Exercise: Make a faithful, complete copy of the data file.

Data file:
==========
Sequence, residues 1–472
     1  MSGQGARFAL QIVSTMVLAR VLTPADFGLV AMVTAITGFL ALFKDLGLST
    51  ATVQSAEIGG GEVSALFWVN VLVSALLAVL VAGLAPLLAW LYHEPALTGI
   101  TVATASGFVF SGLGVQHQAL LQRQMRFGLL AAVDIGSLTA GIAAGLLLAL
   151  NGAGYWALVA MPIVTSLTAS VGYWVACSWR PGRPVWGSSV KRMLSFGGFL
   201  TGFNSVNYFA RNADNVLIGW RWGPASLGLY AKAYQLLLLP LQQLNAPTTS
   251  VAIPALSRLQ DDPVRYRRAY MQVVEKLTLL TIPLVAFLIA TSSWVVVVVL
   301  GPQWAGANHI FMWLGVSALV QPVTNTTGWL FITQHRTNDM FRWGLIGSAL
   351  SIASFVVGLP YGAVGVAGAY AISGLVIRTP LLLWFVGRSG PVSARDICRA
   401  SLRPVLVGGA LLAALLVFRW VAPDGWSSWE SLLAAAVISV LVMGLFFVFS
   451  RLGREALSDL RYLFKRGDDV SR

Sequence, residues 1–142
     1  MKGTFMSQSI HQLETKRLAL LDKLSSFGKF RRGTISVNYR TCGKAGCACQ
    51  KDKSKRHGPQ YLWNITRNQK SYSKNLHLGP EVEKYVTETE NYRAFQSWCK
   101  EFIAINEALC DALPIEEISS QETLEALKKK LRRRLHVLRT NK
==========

Sequence, residues 1–472
     1  MSGQGARFAL QIVSTMVLAR VLTPADFGLV AMVTAITGFL ALFKDLGLST
    51  ATVQSAEIGG GEVSALFWVN VLVSALLAVL VAGLAPLLAW LYHEPALTGI
   101  TVATASGFVF SGLGVQHQAL LQRQMRFGLL AAVDIGSLTA GIAAGLLLAL
   151  NGAGYWALVA MPIVTSLTAS VGYWVACSWR PGRPVWGSSV KRMLSFGGFL
   201  TGFNSVNYFA RNADNVLIGW RWGPASLGLY AKAYQLLLLP LQQLNAPTTS
   251  VAIPALSRLQ DDPVRYRRAY MQVVEKLTLL TIPLVAFLIA TSSWVVVVVL
   301  GPQWAGANHI FMWLGVSALV QPVTNTTGWL FITQHRTNDM FRWGLIGSAL
   351  SIASFVVGLP YGAVGVAGAY AISGLVIRTP LLLWFVGRSG PVSARDICRA
   401  SLRPVLVGGA LLAALLVFRW VAPDGWSSWE SLLAAAVISV LVMGLFFVFS
   451  RLGREALSDL RYLFKRGDDV SR

Sequence, residues 1–142
     1  MKGTFMSQSI HQLETKRLAL LDKLSSFGKF RRGTISVNYR TCGKAGCACQ
    51  KDKSKRHGPQ YLWNITRNQK SYSKNLHLGP EVEKYVTETE NYRAFQSWCK
   101  EFIAINEALC DALPIEEISS QETLEALKKK LRRRLHVLRT NK